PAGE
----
So the June 1896 issue of The Chap Book launched the phenomenon of film criticism. Reviewing the 20-second depiction of the first-ever screen kiss, Herbert Stone's pioneering rant created a moral stir more than a critique of Vitascope's footage. Reviews ever since have suffered a media identity crisis.
Are they promotional propaganda for box-office and ancillary sales? Can their legitimacy only be measured by their semiotic depth and technological deconstruction?
Or can they themselves provide entertainment? The recent launch of Four Word Film Reviews, the book of the popular website - www.fwfr.com - proves humour can be tickled from even the deepest themes using just four words.
"A Farewell to Farms" wittily summarises The Grapes of Wrath. "Inflation causes housing crisis" evokes current economics as well as the poignant charm of Up, while "Eat ship and die" even sharpens the teeth of Jaws.
Fwfr.com, launched in 1999 by film buff and programmer Benj Clews, now boasts over 315,000 descriptions of 38,000+ films. Most contributors are not professional critics, though some are media-savvy. They know more than merely what they like, which makes the best a joy to read.
Even at this ad absurdum distillation, writing quality is what hooks readers. Early film-goers had little such choice, until 1903 when the Dramatic Mirror paid Frank Woods $20 a week for his take on the movies for a growing fan base.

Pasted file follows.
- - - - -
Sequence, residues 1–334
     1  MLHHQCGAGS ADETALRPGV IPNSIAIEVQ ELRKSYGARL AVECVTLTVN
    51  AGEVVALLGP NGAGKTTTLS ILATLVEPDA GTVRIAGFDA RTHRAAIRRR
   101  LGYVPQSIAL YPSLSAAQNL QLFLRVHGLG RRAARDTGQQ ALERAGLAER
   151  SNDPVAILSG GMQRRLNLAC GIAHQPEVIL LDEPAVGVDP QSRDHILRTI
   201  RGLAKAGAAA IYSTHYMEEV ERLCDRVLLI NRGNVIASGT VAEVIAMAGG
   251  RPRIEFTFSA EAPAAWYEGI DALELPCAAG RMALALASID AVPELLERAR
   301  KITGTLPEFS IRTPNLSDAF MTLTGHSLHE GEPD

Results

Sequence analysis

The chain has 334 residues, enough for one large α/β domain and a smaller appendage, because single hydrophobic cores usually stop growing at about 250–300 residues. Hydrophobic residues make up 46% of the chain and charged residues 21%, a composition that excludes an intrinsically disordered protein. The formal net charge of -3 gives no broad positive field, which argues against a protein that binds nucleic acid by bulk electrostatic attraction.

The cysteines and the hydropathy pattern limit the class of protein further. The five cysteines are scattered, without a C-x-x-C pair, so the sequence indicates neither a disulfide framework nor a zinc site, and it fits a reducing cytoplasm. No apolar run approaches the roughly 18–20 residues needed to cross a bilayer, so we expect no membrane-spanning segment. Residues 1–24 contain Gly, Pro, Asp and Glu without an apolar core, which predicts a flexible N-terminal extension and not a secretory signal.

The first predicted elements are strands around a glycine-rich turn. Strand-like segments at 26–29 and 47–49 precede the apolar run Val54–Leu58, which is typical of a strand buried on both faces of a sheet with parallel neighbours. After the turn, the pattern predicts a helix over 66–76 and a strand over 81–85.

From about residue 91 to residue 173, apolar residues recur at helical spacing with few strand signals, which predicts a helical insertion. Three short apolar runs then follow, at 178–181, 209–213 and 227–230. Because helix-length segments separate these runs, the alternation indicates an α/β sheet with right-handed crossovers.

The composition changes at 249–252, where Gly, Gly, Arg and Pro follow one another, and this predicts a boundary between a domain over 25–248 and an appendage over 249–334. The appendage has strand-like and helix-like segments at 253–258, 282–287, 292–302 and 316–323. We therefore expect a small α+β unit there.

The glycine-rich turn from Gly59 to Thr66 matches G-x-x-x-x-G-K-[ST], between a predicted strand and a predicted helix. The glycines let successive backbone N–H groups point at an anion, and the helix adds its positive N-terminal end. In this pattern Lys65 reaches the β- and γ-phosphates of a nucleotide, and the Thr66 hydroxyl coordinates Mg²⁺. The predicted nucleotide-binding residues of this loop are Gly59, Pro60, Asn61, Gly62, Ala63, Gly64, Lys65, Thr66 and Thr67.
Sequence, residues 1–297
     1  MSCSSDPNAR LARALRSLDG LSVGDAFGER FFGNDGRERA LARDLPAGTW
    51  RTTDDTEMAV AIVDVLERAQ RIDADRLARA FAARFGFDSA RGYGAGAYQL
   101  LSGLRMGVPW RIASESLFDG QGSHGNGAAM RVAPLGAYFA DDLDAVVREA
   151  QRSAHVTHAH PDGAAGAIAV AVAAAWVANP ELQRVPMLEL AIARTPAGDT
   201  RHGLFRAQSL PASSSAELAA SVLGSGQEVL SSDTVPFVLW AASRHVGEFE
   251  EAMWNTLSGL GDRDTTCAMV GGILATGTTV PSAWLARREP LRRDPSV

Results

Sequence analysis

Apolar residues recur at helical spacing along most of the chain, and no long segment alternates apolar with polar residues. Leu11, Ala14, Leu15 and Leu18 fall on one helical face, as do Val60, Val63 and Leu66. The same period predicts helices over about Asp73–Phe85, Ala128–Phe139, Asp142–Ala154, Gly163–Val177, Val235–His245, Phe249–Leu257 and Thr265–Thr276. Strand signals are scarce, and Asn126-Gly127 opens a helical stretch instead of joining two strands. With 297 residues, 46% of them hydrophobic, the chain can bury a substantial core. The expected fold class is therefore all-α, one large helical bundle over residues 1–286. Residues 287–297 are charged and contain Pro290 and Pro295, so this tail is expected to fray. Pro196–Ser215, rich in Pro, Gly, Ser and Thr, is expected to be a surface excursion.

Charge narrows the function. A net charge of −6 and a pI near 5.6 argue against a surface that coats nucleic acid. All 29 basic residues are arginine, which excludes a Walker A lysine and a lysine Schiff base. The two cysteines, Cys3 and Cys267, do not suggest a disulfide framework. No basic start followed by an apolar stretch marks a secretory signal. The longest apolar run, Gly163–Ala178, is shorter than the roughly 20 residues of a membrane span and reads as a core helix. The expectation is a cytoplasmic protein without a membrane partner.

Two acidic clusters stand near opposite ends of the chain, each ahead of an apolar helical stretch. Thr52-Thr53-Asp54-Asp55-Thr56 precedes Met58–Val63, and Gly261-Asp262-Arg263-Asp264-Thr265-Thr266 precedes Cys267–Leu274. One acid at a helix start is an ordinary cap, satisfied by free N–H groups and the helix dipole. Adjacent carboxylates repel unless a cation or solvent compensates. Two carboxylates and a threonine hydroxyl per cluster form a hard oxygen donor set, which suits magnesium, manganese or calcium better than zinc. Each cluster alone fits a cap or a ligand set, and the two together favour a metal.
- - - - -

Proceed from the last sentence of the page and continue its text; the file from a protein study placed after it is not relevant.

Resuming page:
By that time audiences demanded far more than random Nickelodeon images taken out of context. They wanted stories, characters, ideas. And film companies wanted box-office receipts.
As cinemas became entertainment destinations of choice, early studios created publicity departments to help shape the very raison d'etre of capitalist film criticism.
Many regional newspapers linked to national media chains which enjoyed a cosy quid-pro-advertising-quo. Since film critics were not only thin on the ground, but not to be trusted, studios wrote their own hyped reviews of their films, tailored to fit the standard column sizes of every newspaper template.
What makes cinema unique among the arts is the conflation of film and business. Bastard children of academia and pop culture, critics seek the unconverted.
Dziga Vertov's Soviet theories helped develop Cinéma vérité. Lionel Rogosin's 1960s Film Culture created critics with hands-on filmmaking careers in editing and design, as well as philosophy.
Cahiers du Cinema's Godard and Truffaut honed their largely leftist social analyses into the philosophical constructs that would politicise their screenplays, while beckoning audiences with popular images of guns, sex and the rebellion of youth.
While recognizing director Humphrey Jennings's remarkable screen-craft of A Defeated People, The Daily Worker demanded "a wider, deeper approach" from the Crown Film Unit. And Caroline Lejeune and Dilys Powell helped smash male domination of the genre with equally trenchant critiques.
Today's mainstream critics, competing with amateurs, consistently choose to focus on film rather than socio-political consequences. And though books like Four Word Film Reviews whet the appetite for watching, it's still the studios' PR power that assures sales above cinema.
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